Little Hero – Conor

Conor was four years old when he was diagnosed with a form of cancer called acute lymphoblastic leukaemia. After a short stay at his local hospital, he was referred to Great Ormond Street Hospital (GOSH). Here his mum, Jules, talks about his GOSH journey so far. 

Coming to GOSH

When Conor first arrived at GOSH, he was placed on a treatment regime that lasted for three years, which included daily doses of chemotherapy. He was an inpatient for around two months, on and off. 

In March 2016, Conor relapsed and was told the cancer had spread to his central nervous system. His treatment was adapted to include chemotherapy and cranial radiotherapy. In September the following year, Conor and his family were told he had relapsed again and he was offered a new treatment.

From clinical trial to bone marrow transplant

“The team asked us what we thought about putting Conor on a clinical trial,” explains Jules. “He ended up going on the CAR-T trial in July 2018.” Unfortunately, in Conor’s case, this treatment – which involves reprogramming the patient’s own immune system cells to target their cancer – didn’t deliver the results everyone was hoping for.

After being talked through the next steps, Conor and his family decided to seek a bone marrow transplant. A donor was eventually found in the United States and, once the sample was brought to GOSH, Jules was able to push the button to start the transplant infusion. It's hoped this transplant will be the solution Conor needs.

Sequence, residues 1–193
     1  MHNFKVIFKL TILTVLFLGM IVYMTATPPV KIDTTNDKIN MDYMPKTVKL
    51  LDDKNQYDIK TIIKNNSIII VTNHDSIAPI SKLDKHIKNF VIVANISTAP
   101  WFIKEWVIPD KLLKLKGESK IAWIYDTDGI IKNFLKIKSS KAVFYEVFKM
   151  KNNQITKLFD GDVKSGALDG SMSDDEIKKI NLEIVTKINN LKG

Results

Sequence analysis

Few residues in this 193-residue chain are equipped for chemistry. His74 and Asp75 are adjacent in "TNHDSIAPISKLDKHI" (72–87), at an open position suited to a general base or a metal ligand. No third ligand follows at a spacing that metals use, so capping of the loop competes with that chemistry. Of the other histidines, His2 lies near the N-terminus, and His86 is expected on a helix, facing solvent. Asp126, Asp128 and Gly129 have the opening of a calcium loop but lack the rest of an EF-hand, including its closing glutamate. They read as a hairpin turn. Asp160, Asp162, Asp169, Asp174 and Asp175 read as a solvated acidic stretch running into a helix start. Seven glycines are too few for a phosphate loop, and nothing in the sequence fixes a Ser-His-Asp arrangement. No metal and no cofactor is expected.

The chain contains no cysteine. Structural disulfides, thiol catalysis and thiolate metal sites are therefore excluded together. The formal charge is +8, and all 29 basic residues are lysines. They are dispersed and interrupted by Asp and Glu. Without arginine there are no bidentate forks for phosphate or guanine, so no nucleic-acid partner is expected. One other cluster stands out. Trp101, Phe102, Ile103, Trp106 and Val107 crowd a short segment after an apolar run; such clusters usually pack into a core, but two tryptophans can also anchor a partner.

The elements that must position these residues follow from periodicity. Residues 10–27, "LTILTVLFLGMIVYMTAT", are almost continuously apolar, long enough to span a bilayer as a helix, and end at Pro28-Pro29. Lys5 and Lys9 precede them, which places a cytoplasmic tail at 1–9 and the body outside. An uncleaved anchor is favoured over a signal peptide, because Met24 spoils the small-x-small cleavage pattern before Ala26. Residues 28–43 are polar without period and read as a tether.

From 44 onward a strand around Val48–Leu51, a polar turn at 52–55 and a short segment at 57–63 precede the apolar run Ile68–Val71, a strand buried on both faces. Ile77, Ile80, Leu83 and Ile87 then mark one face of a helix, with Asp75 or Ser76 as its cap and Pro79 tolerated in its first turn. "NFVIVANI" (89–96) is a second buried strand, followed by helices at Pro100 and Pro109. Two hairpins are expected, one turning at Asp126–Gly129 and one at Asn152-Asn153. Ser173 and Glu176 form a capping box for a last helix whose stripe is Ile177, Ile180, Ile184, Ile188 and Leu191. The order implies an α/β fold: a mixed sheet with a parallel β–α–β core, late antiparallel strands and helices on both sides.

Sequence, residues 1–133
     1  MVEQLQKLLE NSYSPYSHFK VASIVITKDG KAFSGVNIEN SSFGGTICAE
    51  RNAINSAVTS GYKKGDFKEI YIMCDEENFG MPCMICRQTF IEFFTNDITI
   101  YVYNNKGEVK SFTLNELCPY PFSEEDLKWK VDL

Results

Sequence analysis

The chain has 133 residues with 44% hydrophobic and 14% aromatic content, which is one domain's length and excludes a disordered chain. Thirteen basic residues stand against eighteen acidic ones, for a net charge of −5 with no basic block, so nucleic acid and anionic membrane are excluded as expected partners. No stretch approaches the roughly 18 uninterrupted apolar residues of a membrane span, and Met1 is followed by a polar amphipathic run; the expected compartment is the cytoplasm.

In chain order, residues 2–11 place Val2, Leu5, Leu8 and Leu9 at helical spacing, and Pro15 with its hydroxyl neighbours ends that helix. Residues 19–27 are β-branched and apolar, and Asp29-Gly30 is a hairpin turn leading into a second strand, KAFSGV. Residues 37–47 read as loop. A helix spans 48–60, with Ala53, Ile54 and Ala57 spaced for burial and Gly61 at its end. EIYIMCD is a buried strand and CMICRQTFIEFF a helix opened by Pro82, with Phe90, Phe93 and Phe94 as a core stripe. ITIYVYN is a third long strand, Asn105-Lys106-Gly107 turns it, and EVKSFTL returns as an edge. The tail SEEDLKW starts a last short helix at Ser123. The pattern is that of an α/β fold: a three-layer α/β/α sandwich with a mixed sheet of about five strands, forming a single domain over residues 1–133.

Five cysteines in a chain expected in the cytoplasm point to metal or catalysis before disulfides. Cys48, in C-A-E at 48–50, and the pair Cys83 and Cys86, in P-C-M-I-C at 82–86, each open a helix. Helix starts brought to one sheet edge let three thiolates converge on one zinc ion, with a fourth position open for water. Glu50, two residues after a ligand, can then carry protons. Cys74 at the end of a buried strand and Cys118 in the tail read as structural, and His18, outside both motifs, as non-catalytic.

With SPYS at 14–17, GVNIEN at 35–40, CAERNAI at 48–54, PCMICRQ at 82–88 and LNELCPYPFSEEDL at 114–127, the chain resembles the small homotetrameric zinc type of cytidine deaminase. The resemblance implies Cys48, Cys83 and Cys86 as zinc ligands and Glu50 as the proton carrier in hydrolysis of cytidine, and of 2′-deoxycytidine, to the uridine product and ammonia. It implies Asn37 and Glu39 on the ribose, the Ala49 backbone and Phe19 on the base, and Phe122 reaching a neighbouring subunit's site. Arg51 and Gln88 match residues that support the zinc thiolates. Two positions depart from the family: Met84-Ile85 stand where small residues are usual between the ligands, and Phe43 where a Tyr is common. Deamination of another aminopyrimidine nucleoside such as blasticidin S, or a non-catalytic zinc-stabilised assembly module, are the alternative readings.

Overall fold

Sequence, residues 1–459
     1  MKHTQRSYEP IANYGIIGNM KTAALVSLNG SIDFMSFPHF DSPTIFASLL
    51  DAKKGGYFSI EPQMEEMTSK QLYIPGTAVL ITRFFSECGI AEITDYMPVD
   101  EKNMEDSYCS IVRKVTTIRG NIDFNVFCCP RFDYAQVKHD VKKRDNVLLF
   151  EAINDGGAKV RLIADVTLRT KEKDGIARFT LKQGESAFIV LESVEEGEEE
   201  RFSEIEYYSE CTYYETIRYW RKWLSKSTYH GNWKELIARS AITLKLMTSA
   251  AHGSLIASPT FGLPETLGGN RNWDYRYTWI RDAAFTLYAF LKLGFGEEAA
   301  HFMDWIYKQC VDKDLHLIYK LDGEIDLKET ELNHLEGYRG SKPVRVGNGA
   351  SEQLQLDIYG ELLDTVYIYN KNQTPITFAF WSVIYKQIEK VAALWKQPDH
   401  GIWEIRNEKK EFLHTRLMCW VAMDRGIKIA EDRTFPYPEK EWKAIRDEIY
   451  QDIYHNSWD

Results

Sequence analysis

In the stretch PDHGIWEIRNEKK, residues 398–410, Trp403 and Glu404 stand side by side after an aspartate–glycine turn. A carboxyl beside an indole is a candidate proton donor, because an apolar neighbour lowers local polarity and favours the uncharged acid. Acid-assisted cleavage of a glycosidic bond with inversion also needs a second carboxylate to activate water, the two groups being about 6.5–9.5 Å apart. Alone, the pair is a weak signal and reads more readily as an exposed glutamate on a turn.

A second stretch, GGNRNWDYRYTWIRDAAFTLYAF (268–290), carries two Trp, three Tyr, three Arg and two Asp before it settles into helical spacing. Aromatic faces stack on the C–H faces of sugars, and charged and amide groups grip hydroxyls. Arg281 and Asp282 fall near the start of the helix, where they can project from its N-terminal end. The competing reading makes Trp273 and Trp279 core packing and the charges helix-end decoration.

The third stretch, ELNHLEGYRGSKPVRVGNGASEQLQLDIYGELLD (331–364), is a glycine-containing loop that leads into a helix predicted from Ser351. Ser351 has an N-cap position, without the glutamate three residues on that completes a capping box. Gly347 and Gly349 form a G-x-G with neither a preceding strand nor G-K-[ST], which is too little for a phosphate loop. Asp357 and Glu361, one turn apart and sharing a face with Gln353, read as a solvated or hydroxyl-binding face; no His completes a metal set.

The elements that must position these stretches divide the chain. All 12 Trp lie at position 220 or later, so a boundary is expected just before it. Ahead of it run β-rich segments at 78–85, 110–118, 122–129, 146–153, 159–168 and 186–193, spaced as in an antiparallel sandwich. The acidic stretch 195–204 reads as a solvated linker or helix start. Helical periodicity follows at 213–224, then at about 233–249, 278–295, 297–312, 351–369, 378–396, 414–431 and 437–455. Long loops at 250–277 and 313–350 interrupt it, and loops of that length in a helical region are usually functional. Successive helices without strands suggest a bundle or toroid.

Finding fun on the isolation ward 

The impact of chemotherapy and radiotherapy on Conor’s immune system meant he needed to stay in isolation at GOSH while his donor’s bone marrow took effect.

Strict controls were put in place to make sure he was safe from infection, but Conor’s family and GOSH staff still found ways to make sure he had fun.

“It was really hard for Conor, spending months in isolation," says Jules. "Eventually, he could be out for two to three hours a day, so it was lovely taking him out to Queen’s Square (a park near the hospital).”

GOSH’s Play team work hard to make sure patients like Conor can relax and enjoy themselves, which is important for aiding their recovery. “Amy the Play Worker at GOSH was amazing," says Jules. "She would just pop into the room for a chat and to play games with Conor. She just brought him out of his shell and put a smile back on his face.”

The Play team also help prepare patients for medical procedures and difficult treatments. You can read more about the GOSH Play team, which is entirely funded by generous donations, here.

Conor, Jules and Paul
Meeting Paul O'Grady 

Conor’s time at GOSH was also featured in Paul O’Grady’s Little Heroes.

“We are both actually quite camera shy, so it was quite a big thing for us,” says Jules. “But we really enjoyed it. Paul was great. It was so lovely meeting him.”

While Conor was in isolation, he and Paul played games through the glass of the room and chatted using the intercom about what it was like to spend so much time in hospital.

A cheeky chappie

Now 14 years old, Conor has relapsed three times since beginning his treatment. Jules says Conor has been very brave and positive, despite having to deal with these challenges.

“Conor is such a cheeky chappie. He’s coped so well with all of this and just gets on with it. He knows there’s nothing he can do but just let the medical team get on with it all.”

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